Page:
Friday, September 7, 2012

The Skinny: Is That a Wocket in Your Pocket, or What?

We both love Dr. Seuss. Who doesn't? I have a hard time imagining any part of the world that hasn't heard of The Cat in the Hat, at least. The Grinch is one of my favorite literary characters. I actually had the temerity to call myself a Seuss book collector, until I recently encountered not one, but TWO, titles that I had never even heard of. So I decided it was time to learn a little bit more about the good doctor, who was so influential in my childhood.

Yeah, so he wasn't really a doctor. Most people know that already. Theodor Geisel, the soon-to-be Dr. Seuss, went to Dartmouth, where he edited their Jack-O-Lantern humor magazine until he got booted from the editorial staff for his role in a very illegal drinking party (it was during Prohibition, after all). He did continue to submit work to the magazine, though, and he signed it "Seuss" (his middle name). Afterward, he went to Oxford, dropped out, traveled a bit, got married, and finally settled into a career as a cartoonist for Judge and The Saturday Evening Post.

Life Magazine:May 1934; from

One of his cartoons for Judge caught the right person's eye, and he spent seventeen years doing ad campaigns for Standard Oil (and a few other companies, including Ford, General Electric, and Schaefer). As it was the Great Depression, this steady work provided crucial financial support as he started to write and illustrate his own material.

Schaeffer Bock Beer advertisement

Although he had made a career off of cartoons for various magazines (adding LIFE and Vanity Fair to the list), his first "literary" break came when Viking Press commissioned his illustrations for a book of funny sayings called The Pocket Book of Boners in 1931. I own a later hardback copy, but here's a picture of the earlier paperback version:

 In 1937, he published And to Think That I Saw It on Mulberry Street (after twenty-seven rejections). A first edition with dust jacket now ranges from $8,000 to $12,000, depending on condition. He followed this success with The 500 Hats of Bartholomew Cubbins in 1938 ($6,000-$9,000), and The Seven Lady Godivas in 1939 (they're naked!).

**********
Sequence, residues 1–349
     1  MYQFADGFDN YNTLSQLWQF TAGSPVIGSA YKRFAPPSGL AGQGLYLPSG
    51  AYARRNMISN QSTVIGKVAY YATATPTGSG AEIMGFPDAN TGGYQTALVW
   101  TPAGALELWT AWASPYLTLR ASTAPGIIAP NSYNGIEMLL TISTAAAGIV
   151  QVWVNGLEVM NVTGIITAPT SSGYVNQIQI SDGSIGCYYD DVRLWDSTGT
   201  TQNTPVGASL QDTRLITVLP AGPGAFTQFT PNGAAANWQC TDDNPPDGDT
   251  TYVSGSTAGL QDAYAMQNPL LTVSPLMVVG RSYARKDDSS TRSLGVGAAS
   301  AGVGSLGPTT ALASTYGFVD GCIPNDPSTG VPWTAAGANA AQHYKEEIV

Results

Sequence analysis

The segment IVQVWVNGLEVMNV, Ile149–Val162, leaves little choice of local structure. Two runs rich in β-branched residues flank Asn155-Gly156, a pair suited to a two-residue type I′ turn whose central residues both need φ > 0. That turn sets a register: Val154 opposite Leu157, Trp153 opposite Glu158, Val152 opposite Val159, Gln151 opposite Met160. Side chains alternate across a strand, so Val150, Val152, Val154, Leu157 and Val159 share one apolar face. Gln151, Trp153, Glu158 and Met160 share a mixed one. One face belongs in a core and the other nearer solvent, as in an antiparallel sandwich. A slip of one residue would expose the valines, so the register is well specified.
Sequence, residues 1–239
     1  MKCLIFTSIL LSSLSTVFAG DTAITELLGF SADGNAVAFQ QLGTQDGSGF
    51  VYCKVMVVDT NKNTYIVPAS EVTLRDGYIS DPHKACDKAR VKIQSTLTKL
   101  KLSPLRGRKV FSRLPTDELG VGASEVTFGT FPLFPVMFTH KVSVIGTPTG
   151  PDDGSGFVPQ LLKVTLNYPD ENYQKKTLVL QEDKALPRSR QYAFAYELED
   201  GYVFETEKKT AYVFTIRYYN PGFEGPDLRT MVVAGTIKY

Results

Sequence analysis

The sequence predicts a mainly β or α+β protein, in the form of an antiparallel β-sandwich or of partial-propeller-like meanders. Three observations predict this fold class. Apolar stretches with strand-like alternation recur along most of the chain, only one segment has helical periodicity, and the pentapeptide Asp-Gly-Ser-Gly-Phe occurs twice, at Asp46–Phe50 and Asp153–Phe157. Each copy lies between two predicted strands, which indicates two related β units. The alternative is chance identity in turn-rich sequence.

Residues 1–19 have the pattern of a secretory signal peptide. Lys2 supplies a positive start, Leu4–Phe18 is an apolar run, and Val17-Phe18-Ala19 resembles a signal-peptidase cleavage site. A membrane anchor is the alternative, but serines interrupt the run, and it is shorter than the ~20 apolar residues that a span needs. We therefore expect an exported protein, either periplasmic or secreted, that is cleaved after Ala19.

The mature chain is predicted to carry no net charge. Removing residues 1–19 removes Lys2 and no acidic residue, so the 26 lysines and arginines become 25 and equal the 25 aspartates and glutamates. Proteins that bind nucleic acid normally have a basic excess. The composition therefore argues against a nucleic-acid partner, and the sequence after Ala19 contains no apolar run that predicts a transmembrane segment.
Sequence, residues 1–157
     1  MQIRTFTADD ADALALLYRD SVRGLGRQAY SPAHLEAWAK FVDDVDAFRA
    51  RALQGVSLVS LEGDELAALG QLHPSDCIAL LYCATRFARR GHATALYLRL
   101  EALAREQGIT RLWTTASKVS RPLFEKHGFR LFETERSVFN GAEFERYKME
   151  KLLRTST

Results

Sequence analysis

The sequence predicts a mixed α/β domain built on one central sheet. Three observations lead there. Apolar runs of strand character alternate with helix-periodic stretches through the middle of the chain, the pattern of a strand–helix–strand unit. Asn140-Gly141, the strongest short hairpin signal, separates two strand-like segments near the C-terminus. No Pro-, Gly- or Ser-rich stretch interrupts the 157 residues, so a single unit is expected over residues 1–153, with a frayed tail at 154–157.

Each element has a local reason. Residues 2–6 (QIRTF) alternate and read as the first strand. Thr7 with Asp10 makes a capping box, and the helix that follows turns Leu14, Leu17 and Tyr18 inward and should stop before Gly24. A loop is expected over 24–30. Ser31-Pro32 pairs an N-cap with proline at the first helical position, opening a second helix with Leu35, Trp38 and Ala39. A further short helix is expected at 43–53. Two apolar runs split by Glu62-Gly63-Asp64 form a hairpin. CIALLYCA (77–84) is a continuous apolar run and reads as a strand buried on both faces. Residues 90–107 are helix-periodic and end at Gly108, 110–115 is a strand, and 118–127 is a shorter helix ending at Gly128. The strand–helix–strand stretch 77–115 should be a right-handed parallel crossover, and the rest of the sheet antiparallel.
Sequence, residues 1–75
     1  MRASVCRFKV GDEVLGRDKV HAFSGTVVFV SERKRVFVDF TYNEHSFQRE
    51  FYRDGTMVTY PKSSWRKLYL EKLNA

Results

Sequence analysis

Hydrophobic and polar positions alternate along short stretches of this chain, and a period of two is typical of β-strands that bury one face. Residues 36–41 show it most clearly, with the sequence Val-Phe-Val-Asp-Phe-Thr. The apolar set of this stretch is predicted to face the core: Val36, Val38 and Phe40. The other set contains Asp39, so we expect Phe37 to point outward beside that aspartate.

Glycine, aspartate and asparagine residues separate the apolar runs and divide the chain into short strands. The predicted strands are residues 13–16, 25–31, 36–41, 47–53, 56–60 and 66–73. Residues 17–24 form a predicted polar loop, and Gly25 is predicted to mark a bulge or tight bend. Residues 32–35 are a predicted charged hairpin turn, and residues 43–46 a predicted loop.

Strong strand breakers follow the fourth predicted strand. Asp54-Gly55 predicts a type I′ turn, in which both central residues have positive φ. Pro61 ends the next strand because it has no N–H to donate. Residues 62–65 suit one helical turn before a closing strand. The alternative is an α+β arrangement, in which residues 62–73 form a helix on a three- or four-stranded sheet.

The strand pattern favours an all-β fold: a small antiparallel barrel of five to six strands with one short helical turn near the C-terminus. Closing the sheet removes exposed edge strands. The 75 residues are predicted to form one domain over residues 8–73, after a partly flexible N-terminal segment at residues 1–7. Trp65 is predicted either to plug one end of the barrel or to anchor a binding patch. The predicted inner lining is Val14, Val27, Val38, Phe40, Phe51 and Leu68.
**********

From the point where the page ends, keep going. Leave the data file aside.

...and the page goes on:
Although he was too old to be drafted, he made his own WWII contribution by writing military training movies for Frank Capra's Signal Corps, featuring Private Snafu as a recurring character. You might notice some similarities between the Snafu films and some certain other very famous cartoons, and the reason is simple: they were a secret project done by Warner Brothers for the War Department. (Actually, the job was first offered to Disney, who wanted too much money.) This put Seuss together with some of the great Warner Directors, including Chuck Jones and Friz Freleng. And who provided the oh-so-familiar voice for Private Snafu and his fellow soldiers? Mel Blanc. I can't even get into how excited that makes me--Mel Blanc, Chuck Jones, and Dr. Seuss in the same room. Here's Private Snafu in the Aleutians (but there's also a great one called Booby Traps that runs about 5 minutes--check it out on YouTube if you get a chance):

His two most famous works, The Cat in the Hat and How the Grinch Stole Christmas both came out in 1957.  But there are some lesser-known works that are just as fabulous: Thidwick, the Big-Hearted Moose (1948), On Beyond Zebra (1955), and Did I Ever Tell You How Lucky You Are? (1973) . Overall, more than sixty titles bear his name. I was shocked to learn that he had another pseudonym (Theo LeSieg), under which he published books that he wrote, but did not illustrate. Some of these were on my favorites list as a child, and I didn't even know they were his! The Tooth Book changed my life, people.

 Dr. Seuss has always been in my world. My preschool class had a Green Eggs and Ham party, and I was so excited I nearly peed. I always loved the fact that my mother could recite Fox in Socks rhymes, fast, without getting tongue tied. Horton heard that Who at least once a week during a particular summer of my childhood.

And now we brag on the great Dr. Seuss:
Academy Awards........2
Pulitzer Prizes.............1
Emmy Awards............2
Peabody Awards.........1
Books sold..................200,000,000+
People who are more creative, smarter, wittier, kinder, and/or funnier because they read his books.......probably billions.

How the Grinch Stole Christmas, Dr.Seuss, 1985 copy
In our etsy shop:

* Information obtained from,,

Wednesday, September 5, 2012

On the Radar -- Call of the Wild (pt.2)

So, part 2 of the Call of the Wild trend posts is all about reptiles.  Skins, that is...

Fall 2012
OK, so this look is a bit overboard, but I think this advertisement illustrates my point beautifully.  If you want to add an animal touch to your wardrobe (or your home), you can think texture in addition to print.  I'm not sure if this is real croc, or embossed leather, but the natural variations in the pattern add a great feel to the edgy cut of all these pieces.

Reptile skins can be classic and subtle, or they can be modern and fresh, like this new take on a snake skin pattern:

Fall 2012

That's the magic of taking inspiration from nature.  There's something sensual and organic about it, but it can be transformed into many, many different forms.  Abstracted, modernized, timeless, or elegant.  It can be anything you want it to be.  And that's why designers (and trends) always come back to it.